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Sex assault shock at top Cape school

By Warda Meyer Time of article published Jul 24, 2015

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Cape Town - A music teacher at the prestigious Reddam House private school, where the children of Cape Town’s wealthiest are being educated, has been charged with sexually assaulting several young boys at the school.

The teacher, who cannot be named due to the nature of the charges, stands accused of fondling at least six boys, aged 9 and 10, while giving them music lessons.

The posh Reddam House Group is internationally renowned, having educated the late Princess Diana’s nieces and daughters of Earl Spencer.

Informed sources say up to 10 young boys may have been victims, but only six opted to push ahead with the charges.

Confirming the arrest, police spokesman Captain FC van Wyk said the 32-year-old suspect was arrested after an investigation which lasted over a month-and-a-half.

Van Wyk said the man appeared in the Wynberg Magistrate’s Court on Wednesday on charges of sexual assault.

“The suspect was released on R2 000 bail and was given strict bail conditions which included that he must not be in the area where the school is situated and he must not have any contact with the victims, teachers or anyone at the said school,” he said.

Other bail conditions included that the teacher hand over his passport and report to Melkbosstrand police station three times a week on a Monday, Wednesday and Saturday.

Police say the investigation is ongoing and there is still a possibility of other victims coming forward.

A close relative of one of the victims, who cannot be named – to protect the identity of the boy – said it has been a difficult time for the families.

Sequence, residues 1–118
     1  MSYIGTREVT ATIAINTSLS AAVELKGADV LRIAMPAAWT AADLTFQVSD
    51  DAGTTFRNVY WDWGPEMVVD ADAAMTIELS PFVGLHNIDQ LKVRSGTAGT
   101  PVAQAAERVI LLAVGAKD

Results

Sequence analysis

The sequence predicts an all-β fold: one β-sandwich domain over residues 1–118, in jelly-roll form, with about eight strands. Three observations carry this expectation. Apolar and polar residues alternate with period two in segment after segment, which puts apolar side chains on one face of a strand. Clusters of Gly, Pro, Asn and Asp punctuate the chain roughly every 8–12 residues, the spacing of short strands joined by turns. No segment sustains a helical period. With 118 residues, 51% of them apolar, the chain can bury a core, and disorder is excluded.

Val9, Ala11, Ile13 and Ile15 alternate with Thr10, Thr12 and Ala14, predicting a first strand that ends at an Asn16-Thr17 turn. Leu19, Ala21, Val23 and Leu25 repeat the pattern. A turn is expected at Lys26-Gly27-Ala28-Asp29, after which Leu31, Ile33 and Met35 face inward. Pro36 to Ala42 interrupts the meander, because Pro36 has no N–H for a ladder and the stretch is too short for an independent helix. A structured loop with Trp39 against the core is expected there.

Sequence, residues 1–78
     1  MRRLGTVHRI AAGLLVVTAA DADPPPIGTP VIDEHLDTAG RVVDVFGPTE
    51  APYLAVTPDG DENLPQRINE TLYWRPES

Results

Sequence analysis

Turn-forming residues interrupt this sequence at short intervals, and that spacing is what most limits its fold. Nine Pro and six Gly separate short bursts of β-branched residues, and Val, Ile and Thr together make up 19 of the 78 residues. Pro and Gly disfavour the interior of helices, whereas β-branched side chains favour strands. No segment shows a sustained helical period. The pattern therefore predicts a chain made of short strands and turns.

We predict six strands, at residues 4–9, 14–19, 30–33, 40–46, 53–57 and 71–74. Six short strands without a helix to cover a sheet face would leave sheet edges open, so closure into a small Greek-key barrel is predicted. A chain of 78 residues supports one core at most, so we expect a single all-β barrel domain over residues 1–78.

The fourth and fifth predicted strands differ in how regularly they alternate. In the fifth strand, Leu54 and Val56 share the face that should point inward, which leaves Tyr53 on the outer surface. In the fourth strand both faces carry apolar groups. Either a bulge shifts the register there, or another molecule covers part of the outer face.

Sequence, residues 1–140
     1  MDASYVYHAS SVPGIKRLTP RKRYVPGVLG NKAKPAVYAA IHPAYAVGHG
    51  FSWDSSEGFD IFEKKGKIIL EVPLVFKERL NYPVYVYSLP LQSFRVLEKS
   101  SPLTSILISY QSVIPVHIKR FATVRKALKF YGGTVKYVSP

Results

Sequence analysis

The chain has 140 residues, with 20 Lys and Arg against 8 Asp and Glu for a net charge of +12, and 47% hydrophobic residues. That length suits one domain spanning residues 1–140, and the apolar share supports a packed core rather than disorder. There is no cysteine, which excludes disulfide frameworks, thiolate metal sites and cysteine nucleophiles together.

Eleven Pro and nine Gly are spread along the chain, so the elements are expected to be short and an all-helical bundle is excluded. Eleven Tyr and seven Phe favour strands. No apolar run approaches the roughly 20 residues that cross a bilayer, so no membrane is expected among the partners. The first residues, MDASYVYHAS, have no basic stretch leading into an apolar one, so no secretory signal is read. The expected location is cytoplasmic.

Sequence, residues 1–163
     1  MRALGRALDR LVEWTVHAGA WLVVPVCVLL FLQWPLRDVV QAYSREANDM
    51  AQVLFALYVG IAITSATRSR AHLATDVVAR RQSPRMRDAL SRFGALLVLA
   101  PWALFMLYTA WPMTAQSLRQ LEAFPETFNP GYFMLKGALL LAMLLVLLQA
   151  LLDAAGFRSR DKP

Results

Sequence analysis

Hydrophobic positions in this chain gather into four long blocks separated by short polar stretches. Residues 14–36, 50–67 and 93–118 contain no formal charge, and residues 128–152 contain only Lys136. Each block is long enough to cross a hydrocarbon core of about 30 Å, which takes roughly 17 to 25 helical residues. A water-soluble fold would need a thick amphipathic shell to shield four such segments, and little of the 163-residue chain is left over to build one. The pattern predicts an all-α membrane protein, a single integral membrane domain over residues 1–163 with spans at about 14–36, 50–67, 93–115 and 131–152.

“This is not something you want your children to go through especially not at school, where they should be protected”.

Top Cape defence attorney William Booth confirmed that his client was arrested at his home on Tuesday and appeared in court the next day.

Booth said the allegations included a number of charges of sexual assault and that the case had been postponed for the State to complete its investigation.

“We have not as yet received all the evidence because the investigation must still be completed,” he added.

When approached for comment, Reddam House Constantia confirmed that it had terminated the contract of one of its independent music service providers with immediate effect following allegations of inappropriate conduct.

“Reddam House takes these allegations very seriously.

“The FCS (Family Violence, Child Protection and Sexual Offences Unit) of the SAPS is currently conducting a full investigation and the individual concerned has been arrested and charged; a legal process will be followed,” said Sheena Crawford-Kempster, the managing director of Reddam House.

She added that the independent music service provider concerned came to their school with an impressive CV, and the usual checks were made before the school contracted him.

“There was nothing to suggest to us that he might ever engage in the behaviour he is accused of.

“We assure parents and the public that we use utmost care in selecting our staff and we deeply regret what has happened. Reddam House continues to offer support to the families involved.

“We ask that their privacy be respected,” Crawford-Kempster added.

Parents were informed about the developments and action taken by the school against the teacher, via a circular issued.

A parent who brought the circular to the Cape Argus’s attention, expressed concern that the school was quick to distance itself from the incident and the teacher in question.

In the circular the school informed the parent body about the alleged incidents that had taken place at the school involving a “small group of children” in the Preparatory School.

The circular states that it was brought to the headmistress’s attention during May that an independent music service provider allegedly acted in an inappropriate manner towards the children.

It also stressed that no other staff members had been involved and it urged parents against rumour mongering to prevent any negative impact on the affected pupils and their families.

The circular further states: “Please do not place this letter or any comments relating to the content of this letter or rumours you have heard onto social media or in the public domain.”

The case has been postponed until September 29, for further investigation.

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Cape Argus

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